The expanding deployment of emerging technologies such as connected vehicles (CVs), automated vehicles, shared mobility, and smart cities and communities, has increased demand for application of relatively new testing and implementing methods, encompassing field operational tests (FOTs), trials, and model deployments. Such methods entail extensive data collection from real users operating on public roads. While the databases previously developed have been curated and analyzed for specific project purposes, broad collaboration has not yet occurred for the purpose of informing state and local agencies of lessons learned and best practices in deployment.
The range of such deployments has recently expanded to include U.S.DOT’s CV Pilot Deployment Program, the Smart City Challenge, and the Advanced Transportation and Congestion Management Technologies Deployment program of FHWA. These programs are convening collaborative actions that include AASHTO’s Vehicle-to-Infrastructure Deployment Coalition , the CV Pilots Technical Roundtable, and AASHTO’s Signal Phase & Timing Challenge. These leading-edge activities are addressing technical challenges to deployment, including cybersecurity; however, there is a residual need for collaborative data analytics to address a large number of policy questions of relevance to a broad range of state and local public agencies.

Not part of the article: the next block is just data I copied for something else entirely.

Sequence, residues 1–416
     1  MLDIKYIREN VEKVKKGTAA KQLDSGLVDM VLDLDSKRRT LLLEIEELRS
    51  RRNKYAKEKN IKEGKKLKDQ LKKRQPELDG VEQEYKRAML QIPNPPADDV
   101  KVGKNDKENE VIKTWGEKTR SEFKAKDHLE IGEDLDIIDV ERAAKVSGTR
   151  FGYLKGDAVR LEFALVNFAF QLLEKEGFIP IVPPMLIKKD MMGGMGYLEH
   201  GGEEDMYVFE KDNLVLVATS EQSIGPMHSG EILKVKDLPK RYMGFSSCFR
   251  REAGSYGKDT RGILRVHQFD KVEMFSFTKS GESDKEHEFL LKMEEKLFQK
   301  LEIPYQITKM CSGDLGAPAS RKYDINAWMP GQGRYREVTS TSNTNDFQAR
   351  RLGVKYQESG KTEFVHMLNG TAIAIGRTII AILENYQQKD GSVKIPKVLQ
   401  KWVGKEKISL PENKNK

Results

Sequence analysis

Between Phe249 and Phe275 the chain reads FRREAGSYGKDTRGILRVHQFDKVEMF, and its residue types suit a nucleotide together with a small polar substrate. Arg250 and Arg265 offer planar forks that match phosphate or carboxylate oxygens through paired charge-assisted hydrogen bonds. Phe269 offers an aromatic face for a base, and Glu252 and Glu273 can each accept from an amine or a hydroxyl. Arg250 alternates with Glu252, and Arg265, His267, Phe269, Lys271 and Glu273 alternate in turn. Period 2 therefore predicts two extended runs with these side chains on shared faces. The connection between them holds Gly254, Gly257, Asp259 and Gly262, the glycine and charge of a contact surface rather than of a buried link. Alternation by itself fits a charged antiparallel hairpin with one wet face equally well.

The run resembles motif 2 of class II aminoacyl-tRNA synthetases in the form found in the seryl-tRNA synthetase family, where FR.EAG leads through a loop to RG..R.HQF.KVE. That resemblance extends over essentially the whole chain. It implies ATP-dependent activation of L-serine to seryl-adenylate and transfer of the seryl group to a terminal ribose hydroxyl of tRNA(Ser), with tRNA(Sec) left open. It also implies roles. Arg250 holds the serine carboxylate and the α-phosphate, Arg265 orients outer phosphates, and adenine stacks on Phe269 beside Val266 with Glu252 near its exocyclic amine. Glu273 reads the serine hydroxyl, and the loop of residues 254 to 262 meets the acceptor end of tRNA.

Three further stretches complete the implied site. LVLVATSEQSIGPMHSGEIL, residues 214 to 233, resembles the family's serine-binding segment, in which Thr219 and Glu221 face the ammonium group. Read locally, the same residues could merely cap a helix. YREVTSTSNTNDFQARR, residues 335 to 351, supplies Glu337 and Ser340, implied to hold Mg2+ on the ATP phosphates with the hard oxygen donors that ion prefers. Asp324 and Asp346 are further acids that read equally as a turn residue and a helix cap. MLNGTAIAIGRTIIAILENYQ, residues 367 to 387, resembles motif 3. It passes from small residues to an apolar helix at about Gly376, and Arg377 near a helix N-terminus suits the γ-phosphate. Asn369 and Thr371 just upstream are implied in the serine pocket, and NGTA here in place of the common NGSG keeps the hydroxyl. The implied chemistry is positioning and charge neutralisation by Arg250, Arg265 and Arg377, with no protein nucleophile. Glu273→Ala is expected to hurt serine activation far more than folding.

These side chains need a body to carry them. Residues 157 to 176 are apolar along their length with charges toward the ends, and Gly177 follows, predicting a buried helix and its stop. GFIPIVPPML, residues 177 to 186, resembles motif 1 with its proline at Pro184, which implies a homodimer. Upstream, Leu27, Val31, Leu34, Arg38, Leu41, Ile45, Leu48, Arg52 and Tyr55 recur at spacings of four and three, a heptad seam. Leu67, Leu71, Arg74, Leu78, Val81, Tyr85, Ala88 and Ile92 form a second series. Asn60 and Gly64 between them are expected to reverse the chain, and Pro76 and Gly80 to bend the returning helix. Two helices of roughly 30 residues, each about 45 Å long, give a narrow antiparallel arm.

It is generally agreed that the coming decade will see rapid changes in transportation, and state and local transportation agencies are eager to benefit from the experiences of early adopters. The NHTSA Notice of Proposed Rule Making for vehicle-to-vehicle communication provides definite time frames for wide deployment of connected vehicle technology. Further expansion of CV and smart cities pilots is assured, and the proposed framework for data analytics will help streamline these deployments.
The objective of this research is to develop a framework for aggregating data from CV pilot deployments and smart city initiatives to assist in the development of guidance for transportation policy. The CV information aggregation framework needs to take into account the full range of policy questions relevant to agencies at the state and local levels, as affected by policies at the federal level. The framework needs to include a taxonomy of data collection activities and a generally applicable data curation model. The ability of this data model to address the range of policy questions needs to be considered, and gaps need to be identified. Finally, a comprehensive, prioritized set of accelerated, dynamic research projects, using the data to address suites of policy issues, needs to be developed and documented. Pilot deployments are well under way and are expected to proliferate. Agencies will benefit greatly from the lessons learned, particularly as these lessons improve efforts to increase portability of the information.